Transfected HEK cells were lysed in 1 mL RIPA-lysis buffer (50 mm Tris-HCl, pH 8.0, 150 mm NaCl, 1% NP-40, 0.5% Na-deoxycholate, 5 mm EDTA, 0.1% SDS, 0.2 mm phenylmethylsulfonyl fluoride, 1 µg/mL pepstatin, 10 µg/mL leupeptin, 20 000 kiU/mL trasylol, 100 µg/mL bacitracin) per culture dish on ice for 15 min. Lysates were centrifuged (10 min; 20 000 × g) to remove insoluble matter. For precipitation of shank protein, cleared HEK cell lysates were incubated with GKAP peptide sepharose for 2 h at 4°C. After washing, all precipated complexes were boiled in SDS sample buffer, and analysed on SDS–polyacrylamide gel electrophoresis followed by western blotting.

For precipitation of GST-fusion proteins, these were diluted into RIPA-buffer and incubated with IRS-C-terminal peptide sepharose for 1 h; beads were washed 5 times with RIPA buffer, and bound proteins eluted with SDS sample buffer. After gel electrophoresis of input and bound samples, proteins were stained with Coomassie and quantified using the WinCam gel documentation system (version 2.0; Cybertech, Berlin, Germany).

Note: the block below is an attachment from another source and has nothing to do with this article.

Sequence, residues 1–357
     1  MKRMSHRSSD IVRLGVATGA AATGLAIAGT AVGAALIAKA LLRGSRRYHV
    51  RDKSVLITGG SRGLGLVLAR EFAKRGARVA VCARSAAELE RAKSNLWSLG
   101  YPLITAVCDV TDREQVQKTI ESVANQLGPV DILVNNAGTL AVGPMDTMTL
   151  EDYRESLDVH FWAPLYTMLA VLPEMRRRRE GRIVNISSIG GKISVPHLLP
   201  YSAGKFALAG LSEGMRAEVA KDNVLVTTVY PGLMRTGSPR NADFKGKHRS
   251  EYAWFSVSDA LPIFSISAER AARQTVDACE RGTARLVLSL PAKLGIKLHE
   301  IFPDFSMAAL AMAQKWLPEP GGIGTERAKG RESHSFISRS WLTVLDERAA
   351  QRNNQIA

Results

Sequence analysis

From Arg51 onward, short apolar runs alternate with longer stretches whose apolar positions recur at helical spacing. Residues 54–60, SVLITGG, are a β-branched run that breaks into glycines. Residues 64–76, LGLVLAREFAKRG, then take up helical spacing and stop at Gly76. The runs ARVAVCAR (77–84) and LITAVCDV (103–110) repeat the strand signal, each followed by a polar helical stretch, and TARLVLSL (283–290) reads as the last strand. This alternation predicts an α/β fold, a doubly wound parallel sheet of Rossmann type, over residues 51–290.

Tissue culture

  1. Top of page
  2. Abstract
  3. Materials and methods
  4. Fusion proteins and antibodies
  5. Precipitation assays
  6. Tissue culture
  7. Immunocytochemistry
  8. Results
  9. The C-terminus of IRSp53 interacts with PDZ2 of PSD-95
  10. Discussion
  11. Acknowledgements
  12. References

HEK cells were cultivated and transfected as described (e.g. Zitzer et al. 1999). Hippocampal neurones were prepared at embryonic day 19 and plated at a density of about 500 cells/mm2. Cultures were grown in neurobasal medium (Gibco BRL) supplemented with B27 (Gibco BRL) and 0.5 mm glutamine. 12.5 µm glutamate was included for the first 4 days in culture.

Immunocytochemistry

  1. Top of page
  2. Abstract
  3. Materials and methods
  4. Fusion proteins and antibodies
  5. Precipitation assays
  6. Tissue culture
  7. Immunocytochemistry
  8. Results
  9. The C-terminus of IRSp53 interacts with PDZ2 of PSD-95
  10. Discussion
  11. Acknowledgements
  12. References

Transfected HEK cells growing on glass cover slips were fixed with 4% paraformaldehyde in phosphate-buffered saline (PBS) and permeabilized with 0.1% Triton X-100 in PBS for 2 min at room temperature. After blocking [2% bovine serum albumin (BSA) in PBS] for 1 h at room temperature cells were incubated with rbAnti-IRS (diluted 1 : 5000 in blocking solution) for 1 h at room temperature, followed by 1 h of incubation with Cy3-conjugated anti-mouse secondary antibody (diluted 1 : 1000 in PBS).